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Proton MR spectroscopy of tumefactive demyelinating lesions.

Overview of attention for article published in American Journal of Neuroradiology, September 2002
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  • Above-average Attention Score compared to outputs of the same age (59th percentile)

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1 Wikipedia page

Citations

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105 Dimensions

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60 Mendeley
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Title
Proton MR spectroscopy of tumefactive demyelinating lesions.
Published in
American Journal of Neuroradiology, September 2002
Pubmed ID
Authors

Saindane, Amit M, Cha, Soonmee, Law, Meng, Xue, Xiaonan, Knopp, Edmond A, Zagzag, David

Abstract

Tumefactive demyelinating lesions (TDLs) can simulate intracranial neoplasms in clinical presentation and MR imaging appearance, and surgical biopsy is often performed in suspected tumors. Proton MR spectroscopy has been applied in assessing various intracranial diseases and is increasingly used in diagnosis and clinical management. Our purpose was to determine if multivoxel proton MR spectroscopy can be used to differentiate TDLs and high-grade gliomas. Conventional MR images, proton MR spectra, and medical records were retrospectively reviewed in six patients with TDLs diagnosed by means of biopsy or by documented clinical improvement, with or without supporting laboratory testing and follow-up imaging. Proton MR spectra of 10 high-grade gliomas with similar conventional MR imaging appearances were used for comparison. In contrast-enhancing, central, and perilesional areas of each lesion, peak heights of N-acetylaspartate (NAA), choline (Cho), and creatine (Cr) were measured and the lactate peak noted. Cho/Cr and NAA/Cr ratios of corresponding regions in TDLs and gliomas were compared. No significant differences in mean Cho/Cr ratios were found in the corresponding contrast-enhancing, central, or perilesional areas of TDLs and gliomas. The mean central-region NAA/Cr ratio in gliomas was significantly lower than that of TDLs, but mean NAA/Cr ratios in other regions were not significantly different. A lactate peak was identified in four of six TDLs and three of 10 gliomas. In the cases examined, the NAA/Cr ratio in the central region of TDLs and high-grade gliomas differed significantly. However, overall metabolite profiles of both lesions were similar; this finding emphasizes the need for the cautious interpretation of spectroscopic findings.

Mendeley readers

The data shown below were compiled from readership statistics for 60 Mendeley readers of this research output. Click here to see the associated Mendeley record.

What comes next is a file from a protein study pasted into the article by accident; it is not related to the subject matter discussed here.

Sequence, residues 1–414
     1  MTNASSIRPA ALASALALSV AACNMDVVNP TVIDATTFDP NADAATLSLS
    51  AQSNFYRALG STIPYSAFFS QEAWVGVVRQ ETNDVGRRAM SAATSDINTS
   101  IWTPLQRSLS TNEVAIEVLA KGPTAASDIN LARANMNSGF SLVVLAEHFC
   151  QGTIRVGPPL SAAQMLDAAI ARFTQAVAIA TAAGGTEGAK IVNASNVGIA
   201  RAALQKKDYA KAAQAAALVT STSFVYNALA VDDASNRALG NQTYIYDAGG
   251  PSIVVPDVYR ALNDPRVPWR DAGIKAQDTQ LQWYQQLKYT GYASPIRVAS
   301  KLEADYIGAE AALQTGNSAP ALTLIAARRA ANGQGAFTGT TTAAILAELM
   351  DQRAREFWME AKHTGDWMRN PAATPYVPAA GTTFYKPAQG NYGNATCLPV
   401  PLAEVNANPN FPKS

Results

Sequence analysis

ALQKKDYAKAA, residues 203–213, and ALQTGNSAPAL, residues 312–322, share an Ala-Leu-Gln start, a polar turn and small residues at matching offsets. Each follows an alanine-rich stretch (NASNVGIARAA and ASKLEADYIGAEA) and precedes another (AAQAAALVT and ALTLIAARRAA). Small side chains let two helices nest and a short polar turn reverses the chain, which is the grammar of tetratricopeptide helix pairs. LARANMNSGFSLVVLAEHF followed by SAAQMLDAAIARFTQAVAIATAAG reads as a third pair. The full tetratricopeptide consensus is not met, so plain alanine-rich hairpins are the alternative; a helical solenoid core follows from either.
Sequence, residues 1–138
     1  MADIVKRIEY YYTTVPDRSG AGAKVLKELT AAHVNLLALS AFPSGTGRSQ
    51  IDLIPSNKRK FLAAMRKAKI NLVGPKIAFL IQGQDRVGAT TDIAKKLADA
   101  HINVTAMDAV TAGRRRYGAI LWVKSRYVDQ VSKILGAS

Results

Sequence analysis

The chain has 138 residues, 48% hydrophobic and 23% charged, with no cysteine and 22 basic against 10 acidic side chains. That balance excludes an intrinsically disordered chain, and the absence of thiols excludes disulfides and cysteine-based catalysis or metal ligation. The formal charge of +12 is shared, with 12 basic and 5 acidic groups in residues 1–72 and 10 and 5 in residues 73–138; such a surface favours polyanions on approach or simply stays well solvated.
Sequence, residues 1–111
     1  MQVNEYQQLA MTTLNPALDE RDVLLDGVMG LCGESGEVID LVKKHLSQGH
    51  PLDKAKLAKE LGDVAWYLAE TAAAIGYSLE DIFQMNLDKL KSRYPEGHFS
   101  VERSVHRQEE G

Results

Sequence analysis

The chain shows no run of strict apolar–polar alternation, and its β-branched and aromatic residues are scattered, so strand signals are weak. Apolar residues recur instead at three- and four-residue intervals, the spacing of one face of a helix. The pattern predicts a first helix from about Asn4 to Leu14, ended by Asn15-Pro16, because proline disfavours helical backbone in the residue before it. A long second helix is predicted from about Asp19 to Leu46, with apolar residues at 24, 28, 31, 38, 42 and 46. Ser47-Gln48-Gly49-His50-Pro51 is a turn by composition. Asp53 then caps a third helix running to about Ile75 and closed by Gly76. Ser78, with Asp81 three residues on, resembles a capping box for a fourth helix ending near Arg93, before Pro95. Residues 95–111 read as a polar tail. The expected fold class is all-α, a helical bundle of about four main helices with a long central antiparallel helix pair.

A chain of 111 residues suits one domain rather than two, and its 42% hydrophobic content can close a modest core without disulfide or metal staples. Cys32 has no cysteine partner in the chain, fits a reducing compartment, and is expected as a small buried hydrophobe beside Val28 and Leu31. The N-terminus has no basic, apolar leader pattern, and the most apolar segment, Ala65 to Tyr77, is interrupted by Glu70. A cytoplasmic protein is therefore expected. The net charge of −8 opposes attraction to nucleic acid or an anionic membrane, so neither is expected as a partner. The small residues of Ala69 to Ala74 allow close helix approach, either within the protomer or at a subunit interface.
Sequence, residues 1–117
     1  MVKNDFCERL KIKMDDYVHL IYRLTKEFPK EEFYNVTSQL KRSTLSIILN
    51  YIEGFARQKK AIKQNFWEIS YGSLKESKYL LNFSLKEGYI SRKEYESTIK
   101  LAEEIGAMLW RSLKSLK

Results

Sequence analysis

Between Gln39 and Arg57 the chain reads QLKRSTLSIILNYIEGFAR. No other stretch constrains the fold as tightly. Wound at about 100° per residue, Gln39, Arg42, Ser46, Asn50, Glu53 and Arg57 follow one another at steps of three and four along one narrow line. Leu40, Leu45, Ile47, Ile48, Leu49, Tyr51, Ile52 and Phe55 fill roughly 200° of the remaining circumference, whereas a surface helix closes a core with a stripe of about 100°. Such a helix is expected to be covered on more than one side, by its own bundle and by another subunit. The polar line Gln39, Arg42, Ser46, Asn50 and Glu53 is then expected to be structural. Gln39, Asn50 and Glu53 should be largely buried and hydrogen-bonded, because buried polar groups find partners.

Geographical breakdown

Country Count As %
United States 1 2%
Canada 1 2%
Brazil 1 2%
Unknown 57 95%

Demographic breakdown

Readers by professional status Count As %
Researcher 14 23%
Student > Ph. D. Student 7 12%
Other 6 10%
Professor 6 10%
Student > Postgraduate 5 8%
Other 21 35%
Unknown 1 2%
Readers by discipline Count As %
Medicine and Dentistry 33 55%
Neuroscience 6 10%
Agricultural and Biological Sciences 5 8%
Engineering 4 7%
Biochemistry, Genetics and Molecular Biology 3 5%
Other 6 10%
Unknown 3 5%

Attention Score in Context

This research output has an Altmetric Attention Score of 3. This is our high-level measure of the quality and quantity of online attention that it has received. This Attention Score, as well as the ranking and number of research outputs shown below, was calculated when the research output was last mentioned on 31 August 2020.
All research outputs
#5,038,257
of 15,950,766 outputs
Outputs from American Journal of Neuroradiology
#1,479
of 3,940 outputs
Outputs of similar age
#105,304
of 266,798 outputs
Outputs of similar age from American Journal of Neuroradiology
#29
of 42 outputs
Altmetric has tracked 15,950,766 research outputs across all sources so far. This one is in the 48th percentile – i.e., 48% of other outputs scored the same or lower than it.
So far Altmetric has tracked 3,940 research outputs from this source. They typically receive a little more attention than average, with a mean Attention Score of 5.1. This one has gotten more attention than average, scoring higher than 56% of its peers.
Older research outputs will score higher simply because they've had more time to accumulate mentions. To account for age we can compare this Altmetric Attention Score to the 266,798 tracked outputs that were published within six weeks on either side of this one in any source. This one has gotten more attention than average, scoring higher than 59% of its contemporaries.
We're also able to compare this research output to 42 others from the same source and published within six weeks on either side of this one. This one is in the 28th percentile – i.e., 28% of its contemporaries scored the same or lower than it.